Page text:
Put Down That Government Crutch

There is an article in the NY Times today detailing a problem that I’ve been observing for almost two years now – the proliferation of vacant retail space in NYC. Rents are still so high that it seems that every time a store’s lease comes up for renewal, they have to close up shop. The Times article mentions storefront vacancy rates of roughly 6.5% citywide, with the rate expected to climb to 10%.

“And those numbers do not capture the full story. Some of the more desirable shopping districts are littered with empty storefronts. For example, Fifth Avenue between 42nd Street and 49th Street, the stretch just south of Saks Fifth Avenue, has a vacancy rate of 15.3 percent, according to the brokerage Cushman & Wakefield.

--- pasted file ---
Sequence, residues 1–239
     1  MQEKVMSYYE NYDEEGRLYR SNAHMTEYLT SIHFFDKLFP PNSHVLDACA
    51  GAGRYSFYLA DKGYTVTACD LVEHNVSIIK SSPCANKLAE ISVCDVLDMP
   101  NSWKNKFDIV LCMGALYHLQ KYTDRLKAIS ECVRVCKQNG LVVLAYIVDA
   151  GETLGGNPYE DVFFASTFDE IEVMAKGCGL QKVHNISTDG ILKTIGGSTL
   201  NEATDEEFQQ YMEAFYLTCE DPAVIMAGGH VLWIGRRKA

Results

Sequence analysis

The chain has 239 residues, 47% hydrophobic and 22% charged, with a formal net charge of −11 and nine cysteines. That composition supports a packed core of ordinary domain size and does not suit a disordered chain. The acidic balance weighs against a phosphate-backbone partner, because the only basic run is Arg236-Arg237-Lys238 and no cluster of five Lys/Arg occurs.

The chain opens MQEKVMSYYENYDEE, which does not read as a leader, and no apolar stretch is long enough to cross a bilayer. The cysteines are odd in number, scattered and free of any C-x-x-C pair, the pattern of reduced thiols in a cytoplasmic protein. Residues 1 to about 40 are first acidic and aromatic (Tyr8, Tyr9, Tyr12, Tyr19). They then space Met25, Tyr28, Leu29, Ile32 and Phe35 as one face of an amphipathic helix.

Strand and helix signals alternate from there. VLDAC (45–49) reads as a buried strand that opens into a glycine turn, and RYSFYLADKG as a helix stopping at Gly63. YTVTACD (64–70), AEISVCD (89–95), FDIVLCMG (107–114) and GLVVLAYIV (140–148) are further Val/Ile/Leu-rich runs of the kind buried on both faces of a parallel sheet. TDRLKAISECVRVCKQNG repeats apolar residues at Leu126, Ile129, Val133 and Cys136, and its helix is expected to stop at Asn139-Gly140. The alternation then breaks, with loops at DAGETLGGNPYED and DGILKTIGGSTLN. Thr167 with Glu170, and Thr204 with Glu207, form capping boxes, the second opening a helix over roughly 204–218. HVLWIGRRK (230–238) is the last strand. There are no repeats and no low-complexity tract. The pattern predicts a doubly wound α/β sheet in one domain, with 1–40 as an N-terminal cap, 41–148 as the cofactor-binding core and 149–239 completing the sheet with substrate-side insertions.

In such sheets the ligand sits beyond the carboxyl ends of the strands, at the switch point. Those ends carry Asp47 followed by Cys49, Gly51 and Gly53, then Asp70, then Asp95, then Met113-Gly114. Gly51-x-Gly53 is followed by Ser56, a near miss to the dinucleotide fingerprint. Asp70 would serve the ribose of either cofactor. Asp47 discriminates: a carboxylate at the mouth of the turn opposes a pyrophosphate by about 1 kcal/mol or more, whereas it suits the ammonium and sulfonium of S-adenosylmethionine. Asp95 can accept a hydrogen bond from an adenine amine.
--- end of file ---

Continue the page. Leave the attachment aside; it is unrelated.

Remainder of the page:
In SoHo, from West Houston Street to Grand Street and Broadway to West Broadway, among the high-end boutiques, art galleries and restaurants, 1 in 10 retail spaces are now empty or about to be.

“I’ve never seen such an across-the-board problem,” said Lorraine Nadel, a lawyer who has represented tenants and landlords for 18 years. “Store owners can’t pay their rent, and they can’t keep their businesses going.

It has long been difficult to run a small business in Manhattan, but a number of struggling store owners cite high rents and their landlords’ unwillingness to negotiate as the leading obstacles to their survival.”

What disturbed me was when I got to the line,

“But as jobs disappear and neighborhoods suffer, the tide of opinion is growing that the government may need to step in.”

Ummm- the government may need to step in and do WHAT exactly? There is a problem with Manhattan retail spaces – the rents are too high. It’s that simple. The best thing the government can do is to stand idly by and let the rents fall to levels where business owners can afford them again. This is exactly what they should be doing with residential real estate too, incidentally – instead of thinking of new ways to prop up home prices, keeping them UNaffordable.


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